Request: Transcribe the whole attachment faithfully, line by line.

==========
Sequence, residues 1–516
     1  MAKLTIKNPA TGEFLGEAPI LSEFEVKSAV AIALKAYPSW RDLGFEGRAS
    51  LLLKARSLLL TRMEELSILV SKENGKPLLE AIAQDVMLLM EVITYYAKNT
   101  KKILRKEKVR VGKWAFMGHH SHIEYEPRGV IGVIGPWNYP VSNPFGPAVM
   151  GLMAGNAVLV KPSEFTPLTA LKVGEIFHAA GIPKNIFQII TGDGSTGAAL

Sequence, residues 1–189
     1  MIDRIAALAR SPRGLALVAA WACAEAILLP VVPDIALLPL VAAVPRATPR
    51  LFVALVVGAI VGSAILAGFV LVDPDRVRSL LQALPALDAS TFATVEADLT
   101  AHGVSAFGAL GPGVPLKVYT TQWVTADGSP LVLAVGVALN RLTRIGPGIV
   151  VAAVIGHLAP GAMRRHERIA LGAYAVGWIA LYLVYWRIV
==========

Sequence, residues 1–516
     1  MAKLTIKNPA TGEFLGEAPI LSEFEVKSAV AIALKAYPSW RDLGFEGRAS
    51  LLLKARSLLL TRMEELSILV SKENGKPLLE AIAQDVMLLM EVITYYAKNT
   101  KKILRKEKVR VGKWAFMGHH SHIEYEPRGV IGVIGPWNYP VSNPFGPAVM
   151  GLMAGNAVLV KPSEFTPLTA LKVGEIFHAA GIPKNIFQII TGDGSTGAAL

Sequence, residues 1–189
     1  MIDRIAALAR SPRGLALVAA WACAEAILLP VVPDIALLPL VAAVPRATPR
    51  LFVALVVGAI VGSAILAGFV LVDPDRVRSL LQALPALDAS TFATVEADLT
   101  AHGVSAFGAL GPGVPLKVYT TQWVTADGSP LVLAVGVALN RLTRIGPGIV
   151  VAAVIGHLAP GAMRRHERIA LGAYAVGWIA LYLVYWRIV